Background: Multiple Sclerosis (MS) epidemiology in Italy is mainly based on population-based prevalence studies. Administrative data are an additional source of information, when available, in prevalence studies of chronic diseases such as MS. The aim of our study is to update the prevalence rate of MS in Tuscany (central Italy) as at 2011 using a validated case-finding algorithm based on administrative data. Methods: The prevalence was calculated using an algorithm based on the following administrative data: hospital discharge records, drug-dispensing records, disease-specific exemptions from copayment to health care, home and residential long-term care and inhabitant registry. To test algorithm sensitivity, we used a true-positive reference cohort of MS patients from the Tuscan MS register. To test algorithm specificity, we used another cohort of individuals who were presumably not affected by MS. Results: As at December 31, 2011, we identified 6,890 cases (4,738 females and 2,152 males) with a prevalence of 187.9 per 100,000. The sensitivity of algorithm was 98% and the specificity was 99.99%. Conclusions: We found a prevalence higher than the rates present in literature. Our algorithm, based on administrative data, can accurately identify MS patients; moreover, the resulting cohort is suitable to monitor disease care pathways.

Multiple sclerosis (MS) is the most common nontraumatic disease of the central nervous system that causes permanent disability in young adults [1]. According to WHO/MSIF MS Atlas, it affects 2.3 million people worldwide, with a global median prevalence of 35 cases and a median incidence of 4 cases per 100,000 [2]. In a recent literature review, the authors reported a median estimated prevalence of 112.0 (with a range of 5.2-335.0) and a median estimated incidence of 5.2 (range 0.5-20.6) per 100,000 [3]. In Europe, there are more than 600,000 patients with a median prevalence of 100 cases and a median incidence of 5.5 cases per 100,000 [2].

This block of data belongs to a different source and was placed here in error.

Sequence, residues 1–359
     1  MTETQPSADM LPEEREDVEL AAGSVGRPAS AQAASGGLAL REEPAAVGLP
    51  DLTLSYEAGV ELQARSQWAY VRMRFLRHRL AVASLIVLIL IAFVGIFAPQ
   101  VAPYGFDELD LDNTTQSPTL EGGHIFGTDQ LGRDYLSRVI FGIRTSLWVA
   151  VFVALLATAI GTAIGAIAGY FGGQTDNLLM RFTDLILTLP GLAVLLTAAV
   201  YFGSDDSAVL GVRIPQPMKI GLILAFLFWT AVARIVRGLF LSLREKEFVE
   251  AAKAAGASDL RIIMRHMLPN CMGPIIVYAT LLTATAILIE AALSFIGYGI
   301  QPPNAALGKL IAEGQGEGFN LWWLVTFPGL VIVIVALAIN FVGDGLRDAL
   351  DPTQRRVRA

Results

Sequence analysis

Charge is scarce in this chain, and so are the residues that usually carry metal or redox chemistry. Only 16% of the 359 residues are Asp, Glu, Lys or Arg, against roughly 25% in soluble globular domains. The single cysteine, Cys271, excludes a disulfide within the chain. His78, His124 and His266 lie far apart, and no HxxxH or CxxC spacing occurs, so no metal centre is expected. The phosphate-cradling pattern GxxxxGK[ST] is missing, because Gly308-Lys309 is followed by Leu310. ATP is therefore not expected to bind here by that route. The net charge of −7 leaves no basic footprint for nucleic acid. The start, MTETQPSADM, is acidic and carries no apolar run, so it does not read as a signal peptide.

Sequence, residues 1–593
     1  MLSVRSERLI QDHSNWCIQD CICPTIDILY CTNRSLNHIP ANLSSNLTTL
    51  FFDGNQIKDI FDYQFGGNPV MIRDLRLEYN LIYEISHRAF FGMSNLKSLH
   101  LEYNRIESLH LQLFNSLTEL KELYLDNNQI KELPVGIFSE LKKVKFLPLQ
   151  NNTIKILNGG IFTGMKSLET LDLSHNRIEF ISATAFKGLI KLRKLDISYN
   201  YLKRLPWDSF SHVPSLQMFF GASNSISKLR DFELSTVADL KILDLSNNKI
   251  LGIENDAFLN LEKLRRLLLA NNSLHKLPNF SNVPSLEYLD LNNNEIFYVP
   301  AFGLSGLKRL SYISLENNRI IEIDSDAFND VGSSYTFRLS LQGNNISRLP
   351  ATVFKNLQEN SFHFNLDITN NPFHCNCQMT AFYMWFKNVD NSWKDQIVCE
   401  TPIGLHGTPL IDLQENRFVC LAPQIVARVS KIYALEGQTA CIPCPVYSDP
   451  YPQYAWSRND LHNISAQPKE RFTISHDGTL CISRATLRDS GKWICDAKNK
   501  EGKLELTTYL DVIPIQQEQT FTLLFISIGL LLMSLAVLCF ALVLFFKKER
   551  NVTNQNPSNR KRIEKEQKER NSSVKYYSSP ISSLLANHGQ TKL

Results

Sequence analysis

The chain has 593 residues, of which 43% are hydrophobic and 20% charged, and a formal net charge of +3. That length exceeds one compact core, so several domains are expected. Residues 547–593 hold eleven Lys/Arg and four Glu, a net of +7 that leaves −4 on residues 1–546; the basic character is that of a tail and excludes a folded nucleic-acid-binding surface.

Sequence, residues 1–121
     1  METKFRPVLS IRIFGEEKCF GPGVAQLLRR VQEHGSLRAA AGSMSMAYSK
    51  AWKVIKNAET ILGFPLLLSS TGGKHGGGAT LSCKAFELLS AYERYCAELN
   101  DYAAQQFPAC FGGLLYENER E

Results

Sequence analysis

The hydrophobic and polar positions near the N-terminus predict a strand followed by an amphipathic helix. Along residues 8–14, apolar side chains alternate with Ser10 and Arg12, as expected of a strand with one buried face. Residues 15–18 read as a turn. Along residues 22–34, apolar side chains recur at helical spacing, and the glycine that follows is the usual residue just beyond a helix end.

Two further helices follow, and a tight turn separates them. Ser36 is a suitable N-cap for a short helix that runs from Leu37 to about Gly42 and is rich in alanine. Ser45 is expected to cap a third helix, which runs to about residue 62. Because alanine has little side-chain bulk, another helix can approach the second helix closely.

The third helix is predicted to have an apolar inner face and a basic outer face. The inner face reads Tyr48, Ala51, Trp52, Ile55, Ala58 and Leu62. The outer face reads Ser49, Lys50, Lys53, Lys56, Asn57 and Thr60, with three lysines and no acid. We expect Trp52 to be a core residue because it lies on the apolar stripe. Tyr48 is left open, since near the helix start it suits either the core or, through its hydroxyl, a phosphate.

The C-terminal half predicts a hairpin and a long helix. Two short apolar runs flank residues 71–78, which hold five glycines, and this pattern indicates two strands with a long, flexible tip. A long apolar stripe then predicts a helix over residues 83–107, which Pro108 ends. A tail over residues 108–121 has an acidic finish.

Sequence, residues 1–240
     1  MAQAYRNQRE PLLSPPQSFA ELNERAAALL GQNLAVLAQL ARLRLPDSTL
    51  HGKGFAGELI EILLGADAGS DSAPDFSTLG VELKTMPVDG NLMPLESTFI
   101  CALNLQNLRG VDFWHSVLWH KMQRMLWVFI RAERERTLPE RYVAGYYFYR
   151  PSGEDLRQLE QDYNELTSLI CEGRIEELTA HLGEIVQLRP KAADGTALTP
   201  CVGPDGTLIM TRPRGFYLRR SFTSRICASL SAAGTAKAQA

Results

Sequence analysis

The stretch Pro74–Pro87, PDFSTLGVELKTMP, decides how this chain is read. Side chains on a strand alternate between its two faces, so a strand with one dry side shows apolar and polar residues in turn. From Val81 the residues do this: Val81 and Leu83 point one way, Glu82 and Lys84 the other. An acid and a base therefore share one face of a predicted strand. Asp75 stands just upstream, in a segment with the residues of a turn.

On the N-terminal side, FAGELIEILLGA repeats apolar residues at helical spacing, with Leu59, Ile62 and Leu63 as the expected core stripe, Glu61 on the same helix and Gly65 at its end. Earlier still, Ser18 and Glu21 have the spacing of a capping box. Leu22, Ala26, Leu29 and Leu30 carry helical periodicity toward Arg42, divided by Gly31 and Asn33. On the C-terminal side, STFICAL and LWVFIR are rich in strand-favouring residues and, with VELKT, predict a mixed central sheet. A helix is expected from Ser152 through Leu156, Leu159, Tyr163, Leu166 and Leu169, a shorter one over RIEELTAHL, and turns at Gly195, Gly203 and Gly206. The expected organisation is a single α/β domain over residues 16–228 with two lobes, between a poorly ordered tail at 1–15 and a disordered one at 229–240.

Italy is classified as a high-risk area for MS, with highest rates in the island of Sardinia, and with no evidence of the latitude gradient [4]. The Italian MS patient society (AISM) estimates that in Italy there are 72,000 cases with an incidence of 2,000 cases per year [5].